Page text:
“So how was the funeral?”
“It’s a lovely church. And there were bagpipes. And then there was a lovely spread after at the club. Tea and coffee. (Coffee means posh.) And cold meats.”
“And did you see Birmingham?”
“‘s awful grotty.”
“I thought they’d done it up. Does the Bullring still exist?”
“Oh, sure, it’s still grotty.”
“And was this cousin there?
“He was, and his wife. She’s lookin’ awful old.”
“How many children have they got? Were they there? What are their names?”
“And what would the children be goin’ to a funeral for? They don’t go to the funerals. Sure I can’t be rememberin’ their names. They’re very nice. Fierce good-lookin’ altogether.”
I drifted back to the early 1990s. One of the last times I’d been to Birmingham, where all of my father’s family lives and who, them being our exotic relatives, with a different accent and all, kept me and my 1033 siblings amused in our misspent London youths, between bouts of taking drugs and skateboarding, by talking like Pig from Pipkins. This trip involved my ex. His family is a tad different from mine. His father is a pianist. His mother a shrink. My father was not a pianist (by a long chalk). My mother is not a shrink (regardless of the insightfulness you may have gleaned from this post). We ended up in the same school by my parents trading up and his mother slumming it. The ex’s father was performing at Birmingham’s posh new concert hall (which my mother probably found grotty). We drove up to Birmingham with my mother. She dashed into a grotty provincial taxi, no doubt, and headed to my aunt and uncle’s place for saveloys, pickled onions and pop, and we dashed on to some Beethoven concert or other. We popped backstage afterwards to see the ex’s father, who greeted us queenily. His girlfriend, who played some blowy instrument or other, was too socially inept to say hello. We were introduced to Simon Rattle. “‘ere, Si, ‘s a fuckin’ funny surname, innit?” I hollered, before we dashed off to rejoin my mother and aunt and uncle to wallow in vinegar.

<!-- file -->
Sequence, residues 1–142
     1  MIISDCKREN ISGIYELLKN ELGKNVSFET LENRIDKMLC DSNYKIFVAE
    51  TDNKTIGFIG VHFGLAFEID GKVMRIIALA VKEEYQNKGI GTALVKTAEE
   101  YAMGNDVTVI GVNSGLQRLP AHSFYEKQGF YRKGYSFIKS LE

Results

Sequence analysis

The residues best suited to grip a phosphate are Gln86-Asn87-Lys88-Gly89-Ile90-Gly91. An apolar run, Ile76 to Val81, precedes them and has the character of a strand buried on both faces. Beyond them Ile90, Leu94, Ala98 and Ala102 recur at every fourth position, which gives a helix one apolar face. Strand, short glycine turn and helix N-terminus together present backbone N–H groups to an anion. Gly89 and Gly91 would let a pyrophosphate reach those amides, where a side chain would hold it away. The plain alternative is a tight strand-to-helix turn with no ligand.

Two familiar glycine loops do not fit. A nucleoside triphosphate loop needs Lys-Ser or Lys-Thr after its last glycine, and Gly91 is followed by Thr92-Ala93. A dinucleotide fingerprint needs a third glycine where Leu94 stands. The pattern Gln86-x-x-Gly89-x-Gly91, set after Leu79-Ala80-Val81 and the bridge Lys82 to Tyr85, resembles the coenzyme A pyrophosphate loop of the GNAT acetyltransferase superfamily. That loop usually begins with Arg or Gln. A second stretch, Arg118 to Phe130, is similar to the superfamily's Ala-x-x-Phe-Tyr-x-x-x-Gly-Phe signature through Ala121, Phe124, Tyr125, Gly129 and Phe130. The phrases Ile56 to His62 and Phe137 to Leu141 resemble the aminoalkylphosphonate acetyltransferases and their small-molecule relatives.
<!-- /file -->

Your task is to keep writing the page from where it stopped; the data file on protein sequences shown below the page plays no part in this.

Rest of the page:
“Yow all riiiiight, nephew BiB?” inquired my aunt at the door, shuffling her decorative Zimmer frame out of the way. (We never gave her displays of illness any credence.) “Oh, and is this yer frieeeeeeeend? You’re very welcome. Have a saveloy.”
My ex did his best to look at home in his surroundings. He burped and smashed a few windows to be like other working-class people before smiling politely and looking around for approbation.
“Would yow like a noice cup of teeeeeea, BiB’s friend?” the stone-cold, snow-white, saccharine liquid being dutifully provided with a side order of pickled onions by my angelic but getting-on-for-senile uncle. “So, was yow concert noooice?”
“Oh yes, my father was playing The Emperor. We’d never heard it played quite so fast before. Sir Simon must have been in quite a hurry. Ah ha ha. Ha ha ha,” my ex said urbanely to an arena of blank looks. He burped.
“Birmingham’s grotty but a lovely place for a day out, isn’t it?” my mother commented in the car on the way home.
Tables, visas, quacks August 6, 2007Posted by BiB in Uncategorized.
Nothing to write. At all. So let’s go over some old ground.
The Russian has surpassed himself in making an elephant out of a fly (as our German and Russian cousins like to say) of the unnecessary yet seemingly-simple task of giving the kitchen table a make-over. It must now be seventeen coats to the good and I have to say I’m gripped by whatever incarnation it will eventually end up in. Its first fifteen (or thereabouts) coats consisted in getting it from that lovely blue I talked about in some post or other to a rather Spartan white. As lazily minimalistic as we are on the decor front, I did think this was pushing things a tad, but with a resplendent bunch of some thorny-looking flower that the Russian found somewhere with a nice orange bloom, the ensemble had a not unpleasing finish.